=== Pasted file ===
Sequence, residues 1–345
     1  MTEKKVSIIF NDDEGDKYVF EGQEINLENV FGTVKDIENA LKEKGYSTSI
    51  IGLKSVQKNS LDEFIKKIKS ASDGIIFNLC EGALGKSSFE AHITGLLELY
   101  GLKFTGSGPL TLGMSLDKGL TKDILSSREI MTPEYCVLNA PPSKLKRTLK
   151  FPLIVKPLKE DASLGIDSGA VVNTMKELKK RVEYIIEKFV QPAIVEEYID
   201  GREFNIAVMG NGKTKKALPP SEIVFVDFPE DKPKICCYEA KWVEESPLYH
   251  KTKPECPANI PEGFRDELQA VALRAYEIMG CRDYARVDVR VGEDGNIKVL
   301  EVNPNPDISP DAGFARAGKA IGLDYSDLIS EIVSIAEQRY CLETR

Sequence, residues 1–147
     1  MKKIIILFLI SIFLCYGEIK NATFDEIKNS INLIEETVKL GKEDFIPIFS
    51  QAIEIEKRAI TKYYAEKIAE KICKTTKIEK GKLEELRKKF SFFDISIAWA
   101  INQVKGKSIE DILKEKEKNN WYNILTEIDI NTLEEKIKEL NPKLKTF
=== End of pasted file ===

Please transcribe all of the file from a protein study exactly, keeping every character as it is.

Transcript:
Sequence, residues 1–345
     1  MTEKKVSIIF NDDEGDKYVF EGQEINLENV FGTVKDIENA LKEKGYSTSI
    51  IGLKSVQKNS LDEFIKKIKS ASDGIIFNLC EGALGKSSFE AHITGLLELY
   101  GLKFTGSGPL TLGMSLDKGL TKDILSSREI MTPEYCVLNA PPSKLKRTLK
   151  FPLIVKPLKE DASLGIDSGA VVNTMKELKK RVEYIIEKFV QPAIVEEYID
   201  GREFNIAVMG NGKTKKALPP SEIVFVDFPE DKPKICCYEA KWVEESPLYH
   251  KTKPECPANI PEGFRDELQA VALRAYEIMG CRDYARVDVR VGEDGNIKVL
   301  EVNPNPDISP DAGFARAGKA IGLDYSDLIS EIVSIAEQRY CLETR

Sequence, residues 1–147
     1  MKKIIILFLI SIFLCYGEIK NATFDEIKNS INLIEETVKL GKEDFIPIFS
    51  QAIEIEKRAI TKYYAEKIAE KICKTTKIEK GKLEELRKKF SFFDISIAWA
   101  INQVKGKSIE DILKEKEKNN WYNILTEIDI NTLEEKIKEL NPKLKTF